Where the dimensions and configuration of the flaps 33, 34 and/or the stiffness of the blank material are such that the flaps 33, 34 will not readily distort, when manual force is applied as shown in FIG. 5, so as to effect interlocking of the flaps, the corner segments 33a, 34a may be defined in part by diagonal foldlines Y provided on the flaps 33, 34. FIG. 9 shows only flap 34 embodying the foldlines Y. Thus, with the foldlines Y, the corner segments can be manually folded downwardly so as to be readily inserted through the respective slots X as the flaps 33, 34 are folded towards one another into the predetermined area A.
The improved receptacle 20 has been described herein with the bottom-forming flaps 30, 31 and associated extension flaps 36 being connected to the side panels 21, 22; however, the invention is not intended to be limited thereto, because, if desired, such flaps can be connected instead to the end panels 23, 24. Furthermore, the dimensions of the flaps 30, 31 may be modified so that the elongated free edges of the flaps 30, 31 would abut one another, thus effectively closing the bottom of the receptacle.
In certain instances it is necessary that the top of the receptacle be closed, in which case such closing can be accomplished by either a conventional telescoping cover or by having conventional closure flaps foldably connected to the upper edges of the side, end, and corner flaps.
The bottom dimension of the receptacle may conform substantially to the entire surface area of the pallet or to just a portion thereof. In the latter case, a plurality of receptacles could then be supported on a single pallet surface. The shape, size, and location of the slots may be varied, as desired, to facilitate manual interlocking of the bottom-forming flaps.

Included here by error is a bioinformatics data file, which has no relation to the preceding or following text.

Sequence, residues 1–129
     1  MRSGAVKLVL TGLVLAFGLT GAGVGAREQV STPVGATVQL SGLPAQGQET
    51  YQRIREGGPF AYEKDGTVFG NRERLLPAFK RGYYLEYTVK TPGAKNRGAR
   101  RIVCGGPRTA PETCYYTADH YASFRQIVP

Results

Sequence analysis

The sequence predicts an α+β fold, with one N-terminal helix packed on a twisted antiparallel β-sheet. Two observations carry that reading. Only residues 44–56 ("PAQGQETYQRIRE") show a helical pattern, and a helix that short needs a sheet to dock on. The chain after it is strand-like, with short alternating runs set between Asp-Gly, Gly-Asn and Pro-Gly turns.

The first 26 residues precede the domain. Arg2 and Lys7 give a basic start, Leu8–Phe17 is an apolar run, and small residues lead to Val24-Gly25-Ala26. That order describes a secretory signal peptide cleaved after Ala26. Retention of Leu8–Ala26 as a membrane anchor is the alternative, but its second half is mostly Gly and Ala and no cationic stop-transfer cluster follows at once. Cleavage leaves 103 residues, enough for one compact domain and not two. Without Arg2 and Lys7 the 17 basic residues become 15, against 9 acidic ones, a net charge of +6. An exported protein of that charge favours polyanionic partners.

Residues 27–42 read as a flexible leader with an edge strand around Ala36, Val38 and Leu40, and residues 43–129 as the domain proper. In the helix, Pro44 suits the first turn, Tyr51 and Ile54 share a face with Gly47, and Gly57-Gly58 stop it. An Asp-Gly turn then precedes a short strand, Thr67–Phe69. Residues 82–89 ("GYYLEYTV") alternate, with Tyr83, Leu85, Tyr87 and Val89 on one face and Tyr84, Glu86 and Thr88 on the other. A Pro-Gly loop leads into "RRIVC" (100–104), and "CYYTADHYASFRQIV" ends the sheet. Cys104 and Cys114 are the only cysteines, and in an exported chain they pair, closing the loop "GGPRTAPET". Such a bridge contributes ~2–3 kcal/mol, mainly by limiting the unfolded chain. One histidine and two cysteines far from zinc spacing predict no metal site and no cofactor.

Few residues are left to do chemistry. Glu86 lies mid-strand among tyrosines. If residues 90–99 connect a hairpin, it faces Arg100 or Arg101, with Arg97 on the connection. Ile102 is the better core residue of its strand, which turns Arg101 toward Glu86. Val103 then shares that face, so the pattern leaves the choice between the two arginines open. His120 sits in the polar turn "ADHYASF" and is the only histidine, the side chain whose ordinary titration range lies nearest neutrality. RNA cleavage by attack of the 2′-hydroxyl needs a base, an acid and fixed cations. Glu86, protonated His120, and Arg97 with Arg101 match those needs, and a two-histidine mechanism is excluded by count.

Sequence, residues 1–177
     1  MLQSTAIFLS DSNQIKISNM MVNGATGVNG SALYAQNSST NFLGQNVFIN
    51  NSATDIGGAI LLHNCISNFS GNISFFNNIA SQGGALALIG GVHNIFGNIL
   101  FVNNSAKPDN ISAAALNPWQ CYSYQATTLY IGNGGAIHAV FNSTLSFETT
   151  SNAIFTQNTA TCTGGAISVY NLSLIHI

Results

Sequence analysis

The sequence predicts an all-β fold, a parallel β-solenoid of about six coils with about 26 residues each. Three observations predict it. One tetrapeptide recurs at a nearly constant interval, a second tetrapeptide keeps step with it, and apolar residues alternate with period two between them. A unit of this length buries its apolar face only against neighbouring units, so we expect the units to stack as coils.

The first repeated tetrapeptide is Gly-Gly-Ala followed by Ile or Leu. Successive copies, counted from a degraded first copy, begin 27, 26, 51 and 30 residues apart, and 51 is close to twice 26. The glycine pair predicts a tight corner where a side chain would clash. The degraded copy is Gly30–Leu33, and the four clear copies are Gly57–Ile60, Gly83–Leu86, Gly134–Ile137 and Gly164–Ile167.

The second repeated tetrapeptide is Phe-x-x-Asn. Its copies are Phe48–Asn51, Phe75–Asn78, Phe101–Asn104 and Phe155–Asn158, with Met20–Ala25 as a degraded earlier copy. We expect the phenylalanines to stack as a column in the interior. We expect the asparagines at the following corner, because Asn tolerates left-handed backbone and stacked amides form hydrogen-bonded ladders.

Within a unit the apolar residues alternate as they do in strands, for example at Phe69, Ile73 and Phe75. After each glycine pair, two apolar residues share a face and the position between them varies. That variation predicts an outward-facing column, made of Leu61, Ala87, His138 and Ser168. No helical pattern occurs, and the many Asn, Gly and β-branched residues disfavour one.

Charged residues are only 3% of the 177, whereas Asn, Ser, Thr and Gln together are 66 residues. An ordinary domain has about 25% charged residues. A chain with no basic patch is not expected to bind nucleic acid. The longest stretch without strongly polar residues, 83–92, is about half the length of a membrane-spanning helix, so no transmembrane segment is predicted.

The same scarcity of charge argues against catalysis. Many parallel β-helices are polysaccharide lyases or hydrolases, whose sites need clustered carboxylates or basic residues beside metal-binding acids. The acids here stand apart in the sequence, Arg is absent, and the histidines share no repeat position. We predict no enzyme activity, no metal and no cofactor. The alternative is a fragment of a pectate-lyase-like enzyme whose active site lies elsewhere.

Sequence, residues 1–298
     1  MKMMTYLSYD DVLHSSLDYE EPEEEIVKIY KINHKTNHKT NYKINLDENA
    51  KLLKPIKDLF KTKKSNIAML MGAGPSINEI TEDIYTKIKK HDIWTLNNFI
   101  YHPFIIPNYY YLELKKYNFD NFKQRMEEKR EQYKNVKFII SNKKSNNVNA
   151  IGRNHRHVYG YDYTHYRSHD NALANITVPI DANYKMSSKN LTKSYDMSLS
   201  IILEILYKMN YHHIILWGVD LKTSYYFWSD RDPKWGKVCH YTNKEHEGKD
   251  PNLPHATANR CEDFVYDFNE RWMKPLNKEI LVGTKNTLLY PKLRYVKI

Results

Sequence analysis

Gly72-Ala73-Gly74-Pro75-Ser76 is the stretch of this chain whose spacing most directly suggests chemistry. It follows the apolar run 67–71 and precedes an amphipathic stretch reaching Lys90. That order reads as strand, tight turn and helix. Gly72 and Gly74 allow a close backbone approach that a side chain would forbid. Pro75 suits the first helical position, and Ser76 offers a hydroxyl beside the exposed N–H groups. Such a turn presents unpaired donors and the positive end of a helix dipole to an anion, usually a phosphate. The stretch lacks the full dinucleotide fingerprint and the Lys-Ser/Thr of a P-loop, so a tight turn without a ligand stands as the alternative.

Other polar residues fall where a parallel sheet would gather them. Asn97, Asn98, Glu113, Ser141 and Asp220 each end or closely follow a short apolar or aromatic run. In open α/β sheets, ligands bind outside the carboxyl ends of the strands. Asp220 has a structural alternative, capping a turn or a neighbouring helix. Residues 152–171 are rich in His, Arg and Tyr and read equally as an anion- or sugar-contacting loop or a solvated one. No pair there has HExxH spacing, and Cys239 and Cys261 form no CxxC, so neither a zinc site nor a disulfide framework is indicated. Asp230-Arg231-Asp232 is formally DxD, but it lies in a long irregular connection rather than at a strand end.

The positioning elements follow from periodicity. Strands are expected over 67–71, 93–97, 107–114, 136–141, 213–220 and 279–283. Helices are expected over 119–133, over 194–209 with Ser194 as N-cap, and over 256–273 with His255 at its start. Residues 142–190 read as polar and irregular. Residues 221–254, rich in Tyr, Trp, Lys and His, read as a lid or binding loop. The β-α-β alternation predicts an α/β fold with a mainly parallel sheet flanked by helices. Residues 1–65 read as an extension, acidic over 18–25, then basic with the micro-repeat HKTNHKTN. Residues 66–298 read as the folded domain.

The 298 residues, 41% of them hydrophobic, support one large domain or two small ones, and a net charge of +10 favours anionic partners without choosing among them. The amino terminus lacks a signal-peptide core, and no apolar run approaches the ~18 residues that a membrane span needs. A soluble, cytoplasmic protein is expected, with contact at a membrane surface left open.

Thus, it will be noted that a strong, versatile, inexpensive receptacle has been provided which is capable of accommodating a wide variety of articles. The improved receptacle is capable of assuming a collapsed state for compact storage or returning to a predetermined location for subsequent reloading. The receptacle may be readily set up manually by a single individual without the need for special tools or fixtures.
Further, modifications to the receptacle and/or blank may be made without departing from the scope of the invention.
1. A collapsible receptacle formed from a blank of foldable sheet material, comprising upright first wall panels; upright second wall panels; upright corner panels, each corner panel being foldably connected to and disposed intermediate adjoining first and second wall panels, said first, second, and corner panels coacting to delimit a predetermined area; bottom-forming first flaps foldably connected to bottom edges of said first wall panels and extending therefrom towards one another into the predetermined area; extension flaps connected to opposite ends of each first flap and extending laterally therefrom, an outer edge of each extension flap being provided with an offset shoulder, corresponding extension flaps being foldable with said first flaps into opposed relation; and bottom-forming second flaps foldably connected to bottom edges of said second wall panels and extending therefrom towards one another into the predetermined area and at least partially subtending corresponding extension flaps; the opposite ends of each folding connection between a second wall panel and a bottom-forming second flap being interposed and in substantially abutting relation with the shoulders formed in corresponding opposed extension flaps.